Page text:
“We’ve been told that no deal is better than a bad deal. Well this is a bad deal. It’s a very bad deal. We’re better off without it,” Israeli Prime Minister Benjamin Netanyahu said.
As expected, Netanyahu used his platform Tuesday to warn Congress that any deal between Iran and the West could threaten his country's existence.
That deal — designed to prevent Tehran from developing nuclear weapons — is in the final stages.
The Obama administration believes getting Iran to scale back its nuclear program in exchange for sanctions relief is better than no deal at all. As Netanyahu sees it, any deal that doesn’t force Iran to fully dismantle its nuclear program is a bad one.
“That deal would not prevent Iran from acquiring nuclear weapons, it would all but guarantee that Iran gets those weapons —lots of them,” Israeli Prime Minister Benjamin Netanyahu said.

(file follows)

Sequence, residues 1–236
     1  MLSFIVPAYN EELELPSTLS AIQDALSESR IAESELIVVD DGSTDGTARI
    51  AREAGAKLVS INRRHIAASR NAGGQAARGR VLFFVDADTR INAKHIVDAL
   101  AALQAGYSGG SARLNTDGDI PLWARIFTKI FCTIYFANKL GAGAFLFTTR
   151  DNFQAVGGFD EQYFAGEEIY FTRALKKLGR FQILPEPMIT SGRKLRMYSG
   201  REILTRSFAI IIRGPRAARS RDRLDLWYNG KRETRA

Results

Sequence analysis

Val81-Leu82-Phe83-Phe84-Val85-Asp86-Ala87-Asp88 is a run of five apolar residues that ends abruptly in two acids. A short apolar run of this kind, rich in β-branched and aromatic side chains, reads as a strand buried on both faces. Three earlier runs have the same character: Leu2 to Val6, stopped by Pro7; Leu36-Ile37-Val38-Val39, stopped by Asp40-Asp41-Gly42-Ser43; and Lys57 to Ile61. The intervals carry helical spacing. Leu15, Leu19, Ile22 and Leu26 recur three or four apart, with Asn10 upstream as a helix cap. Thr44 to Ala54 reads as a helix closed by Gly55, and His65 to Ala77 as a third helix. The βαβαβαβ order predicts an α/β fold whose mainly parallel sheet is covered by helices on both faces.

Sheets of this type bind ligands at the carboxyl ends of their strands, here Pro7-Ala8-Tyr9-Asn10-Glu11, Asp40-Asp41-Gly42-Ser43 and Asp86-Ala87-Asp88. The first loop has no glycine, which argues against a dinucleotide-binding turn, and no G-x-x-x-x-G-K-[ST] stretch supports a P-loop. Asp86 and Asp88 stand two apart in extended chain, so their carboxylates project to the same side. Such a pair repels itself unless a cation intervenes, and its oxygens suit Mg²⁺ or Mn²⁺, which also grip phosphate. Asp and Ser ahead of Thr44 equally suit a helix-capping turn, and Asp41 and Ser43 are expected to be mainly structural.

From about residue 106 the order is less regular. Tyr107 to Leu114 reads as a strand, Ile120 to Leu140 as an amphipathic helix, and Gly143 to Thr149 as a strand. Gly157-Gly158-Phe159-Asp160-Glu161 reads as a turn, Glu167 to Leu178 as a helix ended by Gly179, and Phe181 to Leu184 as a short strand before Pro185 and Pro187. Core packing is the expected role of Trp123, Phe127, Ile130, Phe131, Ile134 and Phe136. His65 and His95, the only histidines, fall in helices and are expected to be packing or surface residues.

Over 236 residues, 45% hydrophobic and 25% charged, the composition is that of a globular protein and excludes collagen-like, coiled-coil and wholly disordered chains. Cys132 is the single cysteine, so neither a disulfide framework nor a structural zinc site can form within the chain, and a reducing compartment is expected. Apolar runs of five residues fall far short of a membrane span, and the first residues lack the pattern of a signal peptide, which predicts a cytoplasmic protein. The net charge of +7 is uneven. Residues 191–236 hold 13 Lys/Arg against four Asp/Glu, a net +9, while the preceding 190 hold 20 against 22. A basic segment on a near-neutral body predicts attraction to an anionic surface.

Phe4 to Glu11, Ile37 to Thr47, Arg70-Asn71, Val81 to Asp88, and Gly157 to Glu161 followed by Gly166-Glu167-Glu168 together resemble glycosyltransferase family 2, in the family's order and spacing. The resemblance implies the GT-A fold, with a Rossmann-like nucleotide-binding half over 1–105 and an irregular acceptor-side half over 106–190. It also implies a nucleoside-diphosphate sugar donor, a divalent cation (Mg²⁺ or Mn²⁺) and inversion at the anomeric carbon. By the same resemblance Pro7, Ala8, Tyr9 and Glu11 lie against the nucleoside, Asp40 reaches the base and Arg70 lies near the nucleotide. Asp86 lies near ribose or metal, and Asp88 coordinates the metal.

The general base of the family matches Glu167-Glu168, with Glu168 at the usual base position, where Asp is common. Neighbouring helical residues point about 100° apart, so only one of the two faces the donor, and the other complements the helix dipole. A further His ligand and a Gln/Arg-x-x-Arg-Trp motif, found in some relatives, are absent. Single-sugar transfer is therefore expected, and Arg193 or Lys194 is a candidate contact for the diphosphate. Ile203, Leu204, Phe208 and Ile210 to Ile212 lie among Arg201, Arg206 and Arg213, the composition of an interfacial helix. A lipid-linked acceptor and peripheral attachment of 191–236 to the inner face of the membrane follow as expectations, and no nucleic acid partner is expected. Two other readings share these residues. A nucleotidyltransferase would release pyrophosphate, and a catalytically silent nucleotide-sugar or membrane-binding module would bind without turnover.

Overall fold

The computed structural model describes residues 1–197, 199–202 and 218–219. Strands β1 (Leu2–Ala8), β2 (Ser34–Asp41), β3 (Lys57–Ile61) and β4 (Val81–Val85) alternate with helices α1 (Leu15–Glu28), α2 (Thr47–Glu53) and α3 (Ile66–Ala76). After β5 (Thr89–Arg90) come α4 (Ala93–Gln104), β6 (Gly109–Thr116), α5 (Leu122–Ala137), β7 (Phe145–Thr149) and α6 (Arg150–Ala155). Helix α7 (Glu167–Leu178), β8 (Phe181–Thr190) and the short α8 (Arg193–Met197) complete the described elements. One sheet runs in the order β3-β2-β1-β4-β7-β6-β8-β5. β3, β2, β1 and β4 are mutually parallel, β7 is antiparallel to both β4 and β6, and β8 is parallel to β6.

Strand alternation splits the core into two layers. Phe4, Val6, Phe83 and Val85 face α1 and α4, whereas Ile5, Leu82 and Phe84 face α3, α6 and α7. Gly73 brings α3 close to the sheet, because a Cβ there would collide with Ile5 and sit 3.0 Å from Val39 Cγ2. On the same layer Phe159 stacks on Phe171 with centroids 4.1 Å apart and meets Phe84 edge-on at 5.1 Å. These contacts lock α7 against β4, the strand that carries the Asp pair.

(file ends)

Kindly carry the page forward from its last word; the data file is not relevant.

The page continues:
House Speaker John Boehner's decision to invite Netanyahu to Washington — done without first notifying the White House — has been widely described as a low point in U.S.-Israeli relations.
According to The Hill, more than 50 congressional Democrats had planned to boycott his speech.
The White House saw the speech as a snub by Netanyahu, who Obama has a long history of personal differences with. During his speech, Netanyahu acknowledged the controversy.
“I deeply regret that some perceive my being here as political. That was never my intention,” Netanyahu said.
Netanyahu, who’s up for re-election in two weeks, will not meet with President Obama while in Washington. (Video via C-SPAN)
This video includes images from Getty Images.